Samples Europe Constructivism as a More Effective Tool in Easing Societal Tensions in Europe than Realism or Idealism

Constructivism as a More Effective Tool in Easing Societal Tensions in Europe than Realism or Idealism

993 words 4 page(s)

With the active process of globalization that seems to impact every sphere of social life, together with the relatively recent global refugee issues, the problem of societal tensions tensions in Europe has come to the fore. Eurofond argues that ‘Europeans have reported a declining trust in society and institutions, societal tensions, economic and social insecurity, as well as perceived inequalities and lack of fairness’ (Eurofond). In the context of these empirical findings, it might be helpful to define an international relation theory that would be the most effective in terms of explaining and addressing these European societal tensions. This essay argues that constructivism is the more effective tool in easing societal tensions in Europe because of its focus on identity and the possibility of change that is embedded in the theory.

Constructivism emphasizes the role of identity in shaping international relations, which makes it an applicable theory to describe current state of the European society. Through the lens of constructivism, identity has two important functions in international relations. Identity gives an actor an idea of ??who is the “significant other” for him or her, as well as it informs the actor about the interests and preferences of actors who are a part of other social groups (Jervis). In this way, identities make international relations predictable, at least to the extent to which it is possible to make predictions in such a non-predetermined sphere as human interactions. States understand each other through the identities that they ascribe to each other and to ourselves. Moreover, the state may not be the “master” of its own identity. Only interaction allows actors to test. The images constructed on this path. In the meantime, through the lens of constructivism, interests are a product of identity, and interests themselves do not have an essential, primordial, or immanent, but a correlative character (Sterling-Folker 73). This emphasis on identity might be helpful in terms of understanding the conflicting interests in Europe as they pertain to the topic of migration and the refugee problem. One’s identity makes it easier for some groups to stand for the support of discriminated and socially disadvantaged group, if compared to groups with hegemonic affiliations.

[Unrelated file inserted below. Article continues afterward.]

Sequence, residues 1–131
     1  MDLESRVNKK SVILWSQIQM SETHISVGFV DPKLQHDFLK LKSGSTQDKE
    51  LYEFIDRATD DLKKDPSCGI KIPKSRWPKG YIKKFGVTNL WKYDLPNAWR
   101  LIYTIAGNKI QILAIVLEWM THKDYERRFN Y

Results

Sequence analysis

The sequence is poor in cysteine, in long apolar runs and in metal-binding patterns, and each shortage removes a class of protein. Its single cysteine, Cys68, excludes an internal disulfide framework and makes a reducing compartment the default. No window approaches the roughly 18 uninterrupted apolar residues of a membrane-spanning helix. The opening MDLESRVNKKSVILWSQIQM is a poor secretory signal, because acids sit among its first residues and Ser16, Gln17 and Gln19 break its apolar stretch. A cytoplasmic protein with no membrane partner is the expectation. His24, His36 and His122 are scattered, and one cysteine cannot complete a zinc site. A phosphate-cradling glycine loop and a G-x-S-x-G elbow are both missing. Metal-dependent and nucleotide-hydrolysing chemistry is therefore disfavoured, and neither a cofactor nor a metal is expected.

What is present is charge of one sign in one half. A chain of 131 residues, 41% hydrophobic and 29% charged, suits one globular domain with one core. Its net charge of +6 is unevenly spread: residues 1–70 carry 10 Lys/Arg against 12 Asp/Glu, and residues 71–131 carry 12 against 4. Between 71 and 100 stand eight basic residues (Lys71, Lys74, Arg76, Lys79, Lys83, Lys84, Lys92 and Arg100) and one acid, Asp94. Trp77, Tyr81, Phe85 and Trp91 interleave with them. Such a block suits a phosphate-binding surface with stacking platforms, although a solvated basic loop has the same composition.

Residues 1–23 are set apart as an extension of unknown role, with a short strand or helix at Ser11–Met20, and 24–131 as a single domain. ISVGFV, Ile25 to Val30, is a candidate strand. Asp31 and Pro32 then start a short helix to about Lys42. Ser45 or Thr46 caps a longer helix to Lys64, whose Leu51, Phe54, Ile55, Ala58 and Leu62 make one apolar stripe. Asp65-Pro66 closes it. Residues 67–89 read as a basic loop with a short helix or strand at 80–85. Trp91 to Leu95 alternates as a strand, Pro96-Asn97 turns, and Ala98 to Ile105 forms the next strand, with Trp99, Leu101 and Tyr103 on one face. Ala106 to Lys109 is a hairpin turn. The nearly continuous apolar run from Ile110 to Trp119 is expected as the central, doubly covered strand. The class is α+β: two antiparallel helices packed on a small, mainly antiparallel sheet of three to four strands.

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Thus, from the standpoint of constructivism, the formation of identity is the most important goal of the actors and the main practical problem of foreign policy states. In terms of the main means that the actors have for the formation of their identity, these are shared values, ideas and discourses. Social interaction and mutual training of actors, during which there is a formation (design) of identity, accompanied by “co-constitution” of agents and structures are considered by researchers as the key international processes. No less significant is the question of how one of actors should treat ‘the Other’. In other words, constructivism returns to the problems associated with ethical dimension of international relations and world politics (Barkin 10), the urgency of which in modern Europe is growing. Unlike liberalism, oriented on the “ethic of persuasion”, the position of constructivists is closer to a realistic “ethic of responsibility”, because they come from the responsibility of the state for those concepts of good and evil that they constructed in the process of interaction, as well as for behavior based on such concepts.